All that night, I listened to the rain and the wind rattle the windows. I wondered if I was brave enough to get married on the beach in a downpour. And we woke up to the sun blazing in an intensely blue sky. Thank you, universe.

At noon, we stood on the beach in that magic Cape light, looking across the bay at the lighthouse and Pilgrim Monument and MacMillan Wharf, I in my thrift shop dress and Stan in his Old Navy shirt. Before us stood the kind, warm, funny, compassionate justice of the peace, Susan Marcus, whom fate and Google had brought our way.

A wild wind swirled around us, so strong that we could barely hear our own words as Stan and I read aloud the poetry we'd chosen for the occasion—Stan from Walt Whitman:
...Will you give me yourself?
Will you come travel with me?
Shall we stick by each other as long as we live?

...and me from Shakespeare:

Let me not to the marriage of true minds

Admit impediments. Love is not love

Which alters when it alteration finds...

We read our vows to each other, comic yet sincere. We picked up fistfuls of sand and symbolically poured them together into one glass container—an olive oil cruet we bought at the Brewster General Store. We shared a glass of red wine, sweet and bitter. Tears streamed from my eyes, whether from emotion or wind.

And then it was done. We were married. He was my "husband." I was his "wife." Such odd words. We played with them like Play-Dough, rolling them around to see what we made of them. We wondered if we felt different. We don't, and we do.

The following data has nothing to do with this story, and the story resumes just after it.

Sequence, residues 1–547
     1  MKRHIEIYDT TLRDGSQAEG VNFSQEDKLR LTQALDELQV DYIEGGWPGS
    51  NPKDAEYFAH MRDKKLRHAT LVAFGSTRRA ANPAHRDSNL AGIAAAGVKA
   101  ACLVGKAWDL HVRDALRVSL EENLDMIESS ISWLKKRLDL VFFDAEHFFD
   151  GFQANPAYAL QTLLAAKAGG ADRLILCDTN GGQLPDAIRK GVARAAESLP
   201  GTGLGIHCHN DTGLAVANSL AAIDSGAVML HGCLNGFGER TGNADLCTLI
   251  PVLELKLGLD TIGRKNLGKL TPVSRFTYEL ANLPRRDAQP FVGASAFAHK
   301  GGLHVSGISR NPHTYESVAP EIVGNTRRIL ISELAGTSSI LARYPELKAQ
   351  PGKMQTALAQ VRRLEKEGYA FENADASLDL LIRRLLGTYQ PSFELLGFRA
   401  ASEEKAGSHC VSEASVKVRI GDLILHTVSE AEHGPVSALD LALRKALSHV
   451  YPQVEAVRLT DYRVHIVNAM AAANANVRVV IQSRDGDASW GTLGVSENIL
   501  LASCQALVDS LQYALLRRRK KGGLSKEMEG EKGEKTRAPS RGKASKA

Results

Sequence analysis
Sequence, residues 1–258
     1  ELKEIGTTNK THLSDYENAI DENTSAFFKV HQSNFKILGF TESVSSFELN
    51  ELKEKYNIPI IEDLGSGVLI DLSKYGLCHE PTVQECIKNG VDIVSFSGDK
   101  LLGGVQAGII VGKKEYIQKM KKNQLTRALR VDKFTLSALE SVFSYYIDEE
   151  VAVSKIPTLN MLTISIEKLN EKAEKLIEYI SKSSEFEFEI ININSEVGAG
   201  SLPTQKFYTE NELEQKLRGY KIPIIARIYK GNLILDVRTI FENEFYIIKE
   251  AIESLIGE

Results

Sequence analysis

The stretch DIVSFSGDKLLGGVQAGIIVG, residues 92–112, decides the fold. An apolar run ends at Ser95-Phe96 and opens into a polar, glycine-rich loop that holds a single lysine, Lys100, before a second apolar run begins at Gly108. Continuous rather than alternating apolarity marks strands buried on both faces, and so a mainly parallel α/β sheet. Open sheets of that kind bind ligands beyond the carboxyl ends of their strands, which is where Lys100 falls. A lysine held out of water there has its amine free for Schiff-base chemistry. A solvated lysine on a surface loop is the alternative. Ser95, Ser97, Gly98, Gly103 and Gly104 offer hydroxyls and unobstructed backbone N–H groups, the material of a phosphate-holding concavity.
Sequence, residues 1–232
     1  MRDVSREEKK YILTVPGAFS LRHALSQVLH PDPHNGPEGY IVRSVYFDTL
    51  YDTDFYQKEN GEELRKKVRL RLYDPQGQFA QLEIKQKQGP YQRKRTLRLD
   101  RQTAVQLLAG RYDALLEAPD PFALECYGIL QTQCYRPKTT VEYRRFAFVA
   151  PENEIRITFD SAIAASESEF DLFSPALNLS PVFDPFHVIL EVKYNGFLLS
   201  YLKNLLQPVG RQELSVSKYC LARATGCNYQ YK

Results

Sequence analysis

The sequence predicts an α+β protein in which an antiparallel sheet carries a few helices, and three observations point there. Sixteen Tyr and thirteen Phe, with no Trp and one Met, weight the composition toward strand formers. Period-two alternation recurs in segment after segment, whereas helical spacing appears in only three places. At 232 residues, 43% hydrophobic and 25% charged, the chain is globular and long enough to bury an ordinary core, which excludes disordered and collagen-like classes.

"How's married life?" everyone asks now.

"It's superb," I say. "It's sweet."

And I believe my husband—still My Beloved—feels the same.

Sunday, April 4, 2010

Keeper of the Flame

Shortly after she left Bryn Mawr college, Katharine Hepburn moved to New York City to pursue her acting career. She got a job as understudy for the lead in a play called, appropriately, The Big Pond.

"I learned the part and sat on the sidelines quite convinced that I would be far superior to the leading lady I was watching, Lucile Nikolas," she wrote in her autobiography, Me. "She was a very competent actress who did not have the advantage of being very young and absolutely outrageous and full of a sort of wild confidence based on nothing but energy and ego. Of course I thought I was scared to death, but all I can say now, looking back, is that I was not scared enough. Open a door, I'd go through. Even if the room I was entering was on fire."

This is who I should have been. At least, this is who I thought for years I should have been, back before I stopped second-guessing my 21-year-old self. Before I realized that all my choices—as safe and un-outrageous as they may have been—brought me here, to a place I'm happy to be.